The solo types and their priority are (according to the Bavarian rules):
The differences in card ranks depending on the game type are as follows:
3.3.1 Jacks Solo
This is like the previous case except that only the Jacks are trump. The card order of the side suits is:
3.3.2 Suit Solo
The card order in this case is the same as in a normal game except that one can choose which suit (Clubs, Spades, Hearts, or Diamonds) will follow the Queens and the Jacks in the trump suit. If a Diamond Solo is played, the ordering is exactly the same as in the normal call game. Otherwise, Diamonds become a side suit and Clubs, Spades, or Hearts are elevated to trump status.
3.3.3 Other Solo Types,...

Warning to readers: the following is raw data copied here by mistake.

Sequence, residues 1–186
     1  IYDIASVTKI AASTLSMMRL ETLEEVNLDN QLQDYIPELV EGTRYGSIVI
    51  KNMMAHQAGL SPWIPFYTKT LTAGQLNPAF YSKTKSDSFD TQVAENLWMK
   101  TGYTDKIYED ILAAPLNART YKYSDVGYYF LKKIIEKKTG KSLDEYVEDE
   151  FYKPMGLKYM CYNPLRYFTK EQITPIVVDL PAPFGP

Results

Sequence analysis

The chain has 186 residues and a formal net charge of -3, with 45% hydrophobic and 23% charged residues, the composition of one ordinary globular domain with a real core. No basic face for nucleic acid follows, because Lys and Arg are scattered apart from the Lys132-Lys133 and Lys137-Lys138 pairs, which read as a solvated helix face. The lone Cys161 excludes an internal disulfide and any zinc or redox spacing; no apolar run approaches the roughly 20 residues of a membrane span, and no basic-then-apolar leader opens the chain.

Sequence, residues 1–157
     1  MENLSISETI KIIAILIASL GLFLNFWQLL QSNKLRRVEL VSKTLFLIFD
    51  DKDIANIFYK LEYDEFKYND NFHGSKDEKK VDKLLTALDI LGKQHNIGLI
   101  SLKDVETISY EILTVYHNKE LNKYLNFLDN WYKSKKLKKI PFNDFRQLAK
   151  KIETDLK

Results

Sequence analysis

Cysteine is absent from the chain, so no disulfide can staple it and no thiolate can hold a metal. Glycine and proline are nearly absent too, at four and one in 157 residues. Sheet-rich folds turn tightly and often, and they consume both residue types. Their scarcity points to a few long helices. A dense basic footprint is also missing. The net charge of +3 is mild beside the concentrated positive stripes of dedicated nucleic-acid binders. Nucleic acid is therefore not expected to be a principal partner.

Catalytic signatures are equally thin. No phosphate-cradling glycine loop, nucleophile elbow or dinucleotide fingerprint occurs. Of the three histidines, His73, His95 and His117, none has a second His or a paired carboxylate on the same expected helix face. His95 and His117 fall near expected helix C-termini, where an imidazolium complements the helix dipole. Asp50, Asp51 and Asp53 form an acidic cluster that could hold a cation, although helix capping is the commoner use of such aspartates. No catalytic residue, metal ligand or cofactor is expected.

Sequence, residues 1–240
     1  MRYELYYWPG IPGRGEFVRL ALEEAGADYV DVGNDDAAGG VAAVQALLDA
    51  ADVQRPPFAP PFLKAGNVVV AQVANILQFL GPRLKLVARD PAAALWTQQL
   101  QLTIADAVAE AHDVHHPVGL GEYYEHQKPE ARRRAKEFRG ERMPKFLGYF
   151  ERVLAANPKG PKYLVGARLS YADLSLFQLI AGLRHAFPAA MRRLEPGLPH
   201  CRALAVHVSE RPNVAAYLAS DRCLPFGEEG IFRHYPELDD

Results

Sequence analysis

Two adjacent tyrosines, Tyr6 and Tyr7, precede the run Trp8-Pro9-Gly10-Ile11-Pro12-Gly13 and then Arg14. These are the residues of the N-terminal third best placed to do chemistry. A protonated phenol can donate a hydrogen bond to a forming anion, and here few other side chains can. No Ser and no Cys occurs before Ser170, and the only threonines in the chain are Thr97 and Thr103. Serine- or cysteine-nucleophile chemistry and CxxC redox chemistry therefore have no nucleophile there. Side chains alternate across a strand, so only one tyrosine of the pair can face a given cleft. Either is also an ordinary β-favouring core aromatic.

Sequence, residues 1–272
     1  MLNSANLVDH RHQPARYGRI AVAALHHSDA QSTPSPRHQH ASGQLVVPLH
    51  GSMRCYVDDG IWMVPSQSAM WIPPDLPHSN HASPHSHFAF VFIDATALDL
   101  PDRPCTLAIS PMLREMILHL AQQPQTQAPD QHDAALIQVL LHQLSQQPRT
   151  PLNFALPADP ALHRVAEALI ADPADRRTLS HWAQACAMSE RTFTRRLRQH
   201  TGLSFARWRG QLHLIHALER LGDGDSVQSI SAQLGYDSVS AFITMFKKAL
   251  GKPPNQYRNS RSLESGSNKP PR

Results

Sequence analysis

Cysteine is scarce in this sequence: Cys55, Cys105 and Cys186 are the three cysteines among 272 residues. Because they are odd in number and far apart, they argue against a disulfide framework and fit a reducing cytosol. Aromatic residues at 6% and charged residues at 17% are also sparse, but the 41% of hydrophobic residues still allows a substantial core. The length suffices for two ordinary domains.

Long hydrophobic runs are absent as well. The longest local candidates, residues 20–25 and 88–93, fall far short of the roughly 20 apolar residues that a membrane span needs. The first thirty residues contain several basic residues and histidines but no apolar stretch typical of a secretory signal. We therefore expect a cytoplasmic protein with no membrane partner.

Some solos commonly played, but not officially allowed by the official rules are found in Appendix C.
In order to play a solo game, the player must announce "Reservation" during the bidding (German rules only).
3.4. Variations when All Pass
3.4.1 Ramsch (Leasters)
A Ramsch game (leaster) is played when all players pass and the last bidder announces, "Ramsch."
In a Ramsch game, each player plays for him or herself and attempts to capture the fewest possible card points or even no tricks at all. The trumps are as in a normal Call Game, all Queens, Jacks, and Hearts (Diamonds).